> For example, suppose that (for whatever contrived reason)


> you're representing integers in (sign, magnitude) format


> by tuples (s, i), where s = 0 or 1 (0 for positive, 1 for


> negative) and i is a string representing the absolute


> value of the integer. So




Does this do it? ::



key= lambda x: (-x[1],int(x2))



Here I am depending on the lexicographic sorting of tuples.
Without that there would be real trouble.



Cheers,

Alan Isaac


 
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Dan Bishop
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      03-14-2008
On Mar 13, 7:38 pm, Alan Isaac <(E-Mail Removed)> wrote:
> Mark Dickinson wrote:
> > Sorting tuples, where the second item in the tuple should
> > have the opposite ordering to the first is going to be
> > a bit of a pain. Or even worse, where the ordering of the
> > second item depends on the value of the first item in the
> > tuple.

>
> This is like some examples where I had used cmp,
>
> but if I understand correctly I think it is not a problem.
>
> > For example, suppose that (for whatever contrived reason)
> > you're representing integers in (sign, magnitude) format
> > by tuples (s, i), where s = 0 or 1 (0 for positive, 1 for
> > negative) and i is a string representing the absolute
> > value of the integer. So

>
> Does this do it? ::
>
> key= lambda x: (-x[1],int(x2))
>
> Here I am depending on the lexicographic sorting of tuples.
> Without that there would be real trouble.


Even assuming you meant (-x[0], int(x[1])), that sorts negative
numbers in the wrong order. You want

key = lambda x: (-1 if x[0] else 1) * int(x[1])
 
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Mark Dickinson
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      03-14-2008
On Mar 13, 8:38*pm, Alan Isaac <(E-Mail Removed)> wrote:
> Does this do it? ::
>
> * * key= lambda x: (-x[1],int(x2))
>
> Here I am depending on the lexicographic sorting of tuples.
> Without that there would be real trouble.


Close.

I think it needs to be something like:

key = lambda x: (-x[0], int(x[1]) if x[0] == 0 else -int(x[1]))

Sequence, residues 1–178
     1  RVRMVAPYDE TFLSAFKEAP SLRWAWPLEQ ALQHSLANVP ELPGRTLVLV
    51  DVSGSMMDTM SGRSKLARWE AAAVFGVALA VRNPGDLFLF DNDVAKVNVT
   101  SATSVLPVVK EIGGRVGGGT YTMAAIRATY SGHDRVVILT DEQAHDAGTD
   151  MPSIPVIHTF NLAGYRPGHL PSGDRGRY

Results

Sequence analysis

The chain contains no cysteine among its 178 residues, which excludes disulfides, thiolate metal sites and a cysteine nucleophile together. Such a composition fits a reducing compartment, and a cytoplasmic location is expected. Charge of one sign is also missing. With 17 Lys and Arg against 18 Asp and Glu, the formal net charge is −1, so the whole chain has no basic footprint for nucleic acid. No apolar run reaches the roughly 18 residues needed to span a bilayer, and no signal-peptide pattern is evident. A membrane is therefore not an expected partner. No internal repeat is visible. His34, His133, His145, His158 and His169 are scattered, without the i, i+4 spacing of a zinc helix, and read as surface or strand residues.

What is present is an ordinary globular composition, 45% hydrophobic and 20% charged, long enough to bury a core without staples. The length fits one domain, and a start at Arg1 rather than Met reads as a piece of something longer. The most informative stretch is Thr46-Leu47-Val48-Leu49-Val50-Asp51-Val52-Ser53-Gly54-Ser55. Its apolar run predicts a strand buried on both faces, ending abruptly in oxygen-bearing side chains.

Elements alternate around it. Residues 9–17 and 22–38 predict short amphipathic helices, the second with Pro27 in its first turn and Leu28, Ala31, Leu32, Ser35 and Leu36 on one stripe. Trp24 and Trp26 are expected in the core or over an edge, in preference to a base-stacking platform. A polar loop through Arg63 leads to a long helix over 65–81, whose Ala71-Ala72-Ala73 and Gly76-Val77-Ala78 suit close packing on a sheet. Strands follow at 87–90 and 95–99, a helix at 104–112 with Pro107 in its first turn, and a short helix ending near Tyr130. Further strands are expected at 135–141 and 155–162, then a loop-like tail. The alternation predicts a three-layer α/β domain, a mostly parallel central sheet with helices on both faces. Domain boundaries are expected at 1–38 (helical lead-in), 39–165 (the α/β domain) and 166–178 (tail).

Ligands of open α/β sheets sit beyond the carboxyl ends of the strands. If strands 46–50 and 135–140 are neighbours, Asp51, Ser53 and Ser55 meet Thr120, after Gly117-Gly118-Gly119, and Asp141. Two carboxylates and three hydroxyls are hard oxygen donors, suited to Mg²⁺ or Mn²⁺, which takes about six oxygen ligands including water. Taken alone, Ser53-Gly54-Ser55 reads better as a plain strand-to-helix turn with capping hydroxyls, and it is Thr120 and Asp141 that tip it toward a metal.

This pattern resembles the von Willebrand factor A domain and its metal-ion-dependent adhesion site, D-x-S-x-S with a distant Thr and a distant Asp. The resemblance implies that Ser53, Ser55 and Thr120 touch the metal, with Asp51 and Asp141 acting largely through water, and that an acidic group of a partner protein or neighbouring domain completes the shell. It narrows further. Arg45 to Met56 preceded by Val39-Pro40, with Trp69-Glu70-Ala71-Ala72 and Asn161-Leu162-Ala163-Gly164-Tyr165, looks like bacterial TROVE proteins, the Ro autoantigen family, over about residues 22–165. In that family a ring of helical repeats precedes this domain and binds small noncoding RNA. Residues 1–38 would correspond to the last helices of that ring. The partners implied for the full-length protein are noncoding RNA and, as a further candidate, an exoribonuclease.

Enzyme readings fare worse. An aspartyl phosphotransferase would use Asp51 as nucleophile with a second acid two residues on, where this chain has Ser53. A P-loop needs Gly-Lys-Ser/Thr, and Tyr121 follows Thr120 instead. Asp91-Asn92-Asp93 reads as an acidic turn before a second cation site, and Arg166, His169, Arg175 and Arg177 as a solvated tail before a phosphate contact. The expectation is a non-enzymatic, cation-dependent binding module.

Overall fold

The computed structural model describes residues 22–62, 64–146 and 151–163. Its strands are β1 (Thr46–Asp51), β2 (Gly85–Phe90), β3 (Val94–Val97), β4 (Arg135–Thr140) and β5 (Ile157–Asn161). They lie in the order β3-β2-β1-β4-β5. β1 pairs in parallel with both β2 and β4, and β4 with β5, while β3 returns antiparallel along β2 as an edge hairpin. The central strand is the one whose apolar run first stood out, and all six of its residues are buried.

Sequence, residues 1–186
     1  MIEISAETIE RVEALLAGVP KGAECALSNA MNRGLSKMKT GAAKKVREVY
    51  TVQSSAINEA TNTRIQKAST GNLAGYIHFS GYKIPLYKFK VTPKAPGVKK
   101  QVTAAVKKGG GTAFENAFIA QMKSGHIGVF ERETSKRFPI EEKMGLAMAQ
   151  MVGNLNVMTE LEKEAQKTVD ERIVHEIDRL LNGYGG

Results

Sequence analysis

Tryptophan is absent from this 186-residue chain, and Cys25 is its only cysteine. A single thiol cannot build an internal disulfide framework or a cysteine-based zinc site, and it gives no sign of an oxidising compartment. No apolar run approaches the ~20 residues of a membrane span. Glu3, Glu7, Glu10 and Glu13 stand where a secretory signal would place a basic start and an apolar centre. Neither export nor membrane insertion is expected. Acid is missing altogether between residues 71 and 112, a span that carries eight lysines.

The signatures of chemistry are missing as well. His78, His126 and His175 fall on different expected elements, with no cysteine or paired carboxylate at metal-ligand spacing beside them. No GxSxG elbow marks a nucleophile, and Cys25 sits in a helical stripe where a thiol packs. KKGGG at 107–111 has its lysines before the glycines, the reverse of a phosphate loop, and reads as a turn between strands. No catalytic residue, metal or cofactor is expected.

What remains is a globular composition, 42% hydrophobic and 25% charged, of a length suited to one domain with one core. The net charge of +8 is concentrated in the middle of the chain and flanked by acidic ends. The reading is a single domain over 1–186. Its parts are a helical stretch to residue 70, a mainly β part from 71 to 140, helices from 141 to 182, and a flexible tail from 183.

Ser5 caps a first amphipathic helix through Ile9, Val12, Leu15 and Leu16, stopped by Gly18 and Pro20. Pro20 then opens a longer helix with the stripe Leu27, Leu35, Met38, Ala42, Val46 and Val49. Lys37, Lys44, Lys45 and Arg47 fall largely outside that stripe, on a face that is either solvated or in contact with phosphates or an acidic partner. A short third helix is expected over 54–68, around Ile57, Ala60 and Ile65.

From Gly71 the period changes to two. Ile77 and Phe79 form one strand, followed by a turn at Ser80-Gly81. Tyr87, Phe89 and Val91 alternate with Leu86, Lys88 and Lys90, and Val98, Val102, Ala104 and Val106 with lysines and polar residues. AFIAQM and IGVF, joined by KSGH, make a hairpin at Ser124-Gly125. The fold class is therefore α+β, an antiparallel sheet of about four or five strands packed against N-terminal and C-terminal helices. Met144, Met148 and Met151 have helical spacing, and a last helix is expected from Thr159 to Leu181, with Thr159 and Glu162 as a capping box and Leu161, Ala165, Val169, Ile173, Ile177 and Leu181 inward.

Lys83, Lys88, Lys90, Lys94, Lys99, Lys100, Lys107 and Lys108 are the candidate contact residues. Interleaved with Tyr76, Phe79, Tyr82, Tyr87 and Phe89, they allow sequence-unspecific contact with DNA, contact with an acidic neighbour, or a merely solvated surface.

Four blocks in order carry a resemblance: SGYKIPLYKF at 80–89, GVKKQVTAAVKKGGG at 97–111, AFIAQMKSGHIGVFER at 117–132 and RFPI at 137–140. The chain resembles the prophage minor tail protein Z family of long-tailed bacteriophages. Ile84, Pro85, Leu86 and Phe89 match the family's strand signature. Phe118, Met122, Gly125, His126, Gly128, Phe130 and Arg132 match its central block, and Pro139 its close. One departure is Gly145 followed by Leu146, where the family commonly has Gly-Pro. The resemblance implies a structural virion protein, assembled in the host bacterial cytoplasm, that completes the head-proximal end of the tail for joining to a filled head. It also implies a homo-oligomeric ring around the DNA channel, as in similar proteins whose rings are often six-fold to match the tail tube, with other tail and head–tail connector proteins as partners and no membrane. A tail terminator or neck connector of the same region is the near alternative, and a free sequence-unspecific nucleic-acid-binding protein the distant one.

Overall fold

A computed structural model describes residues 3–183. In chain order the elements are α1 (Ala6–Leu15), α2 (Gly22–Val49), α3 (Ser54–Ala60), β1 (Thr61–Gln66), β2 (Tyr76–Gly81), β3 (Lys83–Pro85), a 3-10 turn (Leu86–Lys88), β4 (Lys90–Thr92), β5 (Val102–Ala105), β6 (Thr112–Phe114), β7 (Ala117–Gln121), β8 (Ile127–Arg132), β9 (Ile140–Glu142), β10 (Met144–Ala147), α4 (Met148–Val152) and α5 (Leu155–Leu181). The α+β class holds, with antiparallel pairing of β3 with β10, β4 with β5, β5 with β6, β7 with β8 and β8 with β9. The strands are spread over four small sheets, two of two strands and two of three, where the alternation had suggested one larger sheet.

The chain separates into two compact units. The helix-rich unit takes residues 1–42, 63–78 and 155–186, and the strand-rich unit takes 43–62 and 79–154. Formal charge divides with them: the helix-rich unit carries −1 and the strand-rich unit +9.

Relying on lexicographic sorting of tuples seems okay to me.

What bugs me more about this example is that one has to rely
on the existence of a way to negate the usual ordering. This
is fine for numbers (where you can use the unary - operator)
or for numeric strings (where you can convert to int and then
use -), but it's not too much of a stretch to imagine cases
where neither of those options is available (e.g. non-numeric
strings), and where one ends up moving further and further
from readable code and into the realm of arcane trickery...

Mark
 
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Alan Isaac
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      03-14-2008
Dan Bishop wrote:

> Even assuming you meant (-x[0], int(x[1])), that sorts negative


> numbers in the wrong order. You want


> key = lambda x: (-1 if x[0] else 1) * int(x[1])






Sorry, was speed typing (very badly) and the question

actually had two different problem descriptions.

As you suggest, what I meant was::



key= lambda x: (-x[0], int(x[1]))



which was meant to address:



"Sorting tuples, where the second item in the tuple

should have the opposite ordering to the first is going

to be a bit of a pain."



But you are quite right, the problem was then specified to

numerical order, for which I like your solution. Or even::



key= lambda x: -int(x[1]) if x[0] else int(x[1])





The key point being, if you will, that this use case does

not support the idea that relying on ``key`` will be so bad.

So, what is a case that is really uncomfortable?



Thanks,

Alan Isaac